A flashy brochure or website tells of a reliable 'government-backed' scheme which provides reliable returns for investors. Such a scheme doesn't exist however – a reality investors only discovered when they have parted with their cash and the company is untraceable. As with land banking, fraudulent companies are not covered by the FSA so victims have no course for recompense</p>
- 4. HMRC phishing scam
Receiving an email from the taxman saying you are owed a payment may seem like a nice surprise, but it is actually from fraudsters trying to relieve you of your cash instead.</p>
The emails provide a "click-through link" to a cloned replica of the HMRC website. The recipient is then asked to provide their credit or debit card details - all the information the criminals need to clear your account, and sell on your personal details.</p>
- 5. Disappearing loan scam
This scam targets vulnerable people who are in financial difficulty and unable to access credit through regular channels like overdrafts and credit cards.</p>
The fraudsters advertise loans and those that sign up are asked to pay an upfront 'arrangement' fee of around £60-£70 fee before the loan is approved. Borrowers pay the fee only for the 'loan providers' to disappear without a trace.</p>
- 6. Crash for cash scams
Insurer Direct Line reported a hike in the number of 'crash for cash' scams last year – where fraudsters fake accidents by making unnecessary emergency stops at busy roundabouts or slip roads, forcing motorists to crash into them.</p>
They then make bogus claims to the innocent motorist's insurer, often including fictitious injuries and passengers.</p>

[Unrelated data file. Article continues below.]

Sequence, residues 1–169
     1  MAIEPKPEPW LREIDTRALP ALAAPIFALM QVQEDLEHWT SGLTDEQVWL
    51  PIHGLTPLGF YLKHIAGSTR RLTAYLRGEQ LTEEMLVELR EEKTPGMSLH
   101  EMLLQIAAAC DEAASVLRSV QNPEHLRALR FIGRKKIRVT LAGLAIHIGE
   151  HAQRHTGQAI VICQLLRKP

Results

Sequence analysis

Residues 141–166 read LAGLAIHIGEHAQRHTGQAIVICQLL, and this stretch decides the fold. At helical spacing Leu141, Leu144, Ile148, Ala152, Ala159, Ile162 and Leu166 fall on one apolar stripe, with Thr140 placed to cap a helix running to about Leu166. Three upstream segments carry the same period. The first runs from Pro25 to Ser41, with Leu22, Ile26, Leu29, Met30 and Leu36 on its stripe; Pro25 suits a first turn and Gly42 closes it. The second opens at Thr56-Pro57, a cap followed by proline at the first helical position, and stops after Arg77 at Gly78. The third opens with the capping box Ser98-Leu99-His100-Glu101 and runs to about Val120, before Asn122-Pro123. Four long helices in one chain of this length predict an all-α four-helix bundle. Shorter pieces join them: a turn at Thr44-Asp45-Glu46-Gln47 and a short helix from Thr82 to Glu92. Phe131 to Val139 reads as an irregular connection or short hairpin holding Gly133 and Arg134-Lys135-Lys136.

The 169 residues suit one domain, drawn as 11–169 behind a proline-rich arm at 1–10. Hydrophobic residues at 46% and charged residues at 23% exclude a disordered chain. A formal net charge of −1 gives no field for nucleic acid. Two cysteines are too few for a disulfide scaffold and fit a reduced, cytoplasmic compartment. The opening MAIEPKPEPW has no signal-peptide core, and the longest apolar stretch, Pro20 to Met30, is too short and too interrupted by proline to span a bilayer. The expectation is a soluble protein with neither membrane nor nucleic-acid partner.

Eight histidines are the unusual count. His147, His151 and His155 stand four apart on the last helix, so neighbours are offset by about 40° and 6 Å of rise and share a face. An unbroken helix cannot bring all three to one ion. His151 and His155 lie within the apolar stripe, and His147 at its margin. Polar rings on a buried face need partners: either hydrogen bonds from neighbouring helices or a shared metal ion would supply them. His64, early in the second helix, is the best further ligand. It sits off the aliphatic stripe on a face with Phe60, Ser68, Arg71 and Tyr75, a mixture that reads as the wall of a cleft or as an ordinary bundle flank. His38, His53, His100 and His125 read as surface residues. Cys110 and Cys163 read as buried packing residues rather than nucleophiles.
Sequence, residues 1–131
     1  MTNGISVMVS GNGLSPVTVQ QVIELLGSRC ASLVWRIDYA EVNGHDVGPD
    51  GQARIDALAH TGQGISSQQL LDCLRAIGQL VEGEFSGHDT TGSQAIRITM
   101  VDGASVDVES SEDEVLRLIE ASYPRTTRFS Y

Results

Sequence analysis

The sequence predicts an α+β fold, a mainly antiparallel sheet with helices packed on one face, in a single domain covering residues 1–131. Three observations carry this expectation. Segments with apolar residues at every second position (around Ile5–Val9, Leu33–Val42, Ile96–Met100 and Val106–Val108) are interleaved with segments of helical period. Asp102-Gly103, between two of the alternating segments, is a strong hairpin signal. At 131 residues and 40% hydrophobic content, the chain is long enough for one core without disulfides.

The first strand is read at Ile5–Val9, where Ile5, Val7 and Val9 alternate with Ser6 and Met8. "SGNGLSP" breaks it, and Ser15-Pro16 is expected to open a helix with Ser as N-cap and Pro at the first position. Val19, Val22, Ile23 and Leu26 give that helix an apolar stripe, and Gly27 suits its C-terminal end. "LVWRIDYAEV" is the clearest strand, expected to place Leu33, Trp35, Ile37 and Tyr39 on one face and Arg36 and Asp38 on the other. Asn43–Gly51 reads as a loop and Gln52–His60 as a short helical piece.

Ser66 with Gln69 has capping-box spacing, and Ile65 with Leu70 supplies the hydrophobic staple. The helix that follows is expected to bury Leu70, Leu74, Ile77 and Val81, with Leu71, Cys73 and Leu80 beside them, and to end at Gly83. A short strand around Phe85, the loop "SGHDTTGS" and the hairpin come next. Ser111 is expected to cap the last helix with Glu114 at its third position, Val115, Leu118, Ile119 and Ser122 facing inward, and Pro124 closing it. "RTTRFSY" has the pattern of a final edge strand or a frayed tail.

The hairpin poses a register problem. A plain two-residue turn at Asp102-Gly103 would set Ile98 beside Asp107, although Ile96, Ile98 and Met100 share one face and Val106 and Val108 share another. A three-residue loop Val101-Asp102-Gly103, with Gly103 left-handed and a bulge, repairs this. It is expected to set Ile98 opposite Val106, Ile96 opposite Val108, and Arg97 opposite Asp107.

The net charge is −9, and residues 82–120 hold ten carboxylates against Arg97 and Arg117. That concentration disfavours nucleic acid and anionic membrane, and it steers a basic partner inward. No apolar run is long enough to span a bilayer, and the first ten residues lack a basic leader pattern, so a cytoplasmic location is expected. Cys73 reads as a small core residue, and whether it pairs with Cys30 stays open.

- 7. Driving school scams
Learner drivers have been taken for ride by being unknowingly taught by trainee instructors. An investigation by the AA found up to 27,000 extra driving tests have been failed in the last year because one in 10 learner drivers are unwittingly taught by an instructor they do not know is learning on the job.</p>
- 8. One man mail scam
July saw the arrest of a Leicester postman who stole £46,686 worth of mail over two-and-a-half years. Yogeshbhai Patel, 38, was jailed for two years for stealing mail including 2,000 DVDs and 2,250 games along with CDs and other electrical equipment. He intercepting the valuable packages and spent the money on living a luxury lifestyle including helicopter rides and a trip to Las Vegas.</p>
- 9. Smart meter scam
The Trading Standards Institute reported over 200 cases where elderly homeowners have been targeted by telephone cold callers, purporting to be from their energy supplier and offering energy saving devices which could cut their bills by 40%.</p>
The TSI tested the devices in homes where owners had fallen for the scam, only to find they both failed to satisfy electrical safety standards or deliver any tangible energy savings.</p>
- 10. Thermal camera fraud
Thermal cameras that track ATM pin numbers are the latest weapon in their arsenal and US scientists have warned it is the next threat for this form of crime. Researchers at the University of California at San Diego found that up to 45 seconds after a person types their pin code into an ATM machine or door entry pad the numbers and even the sequence are still readable by thermal cameras.</p>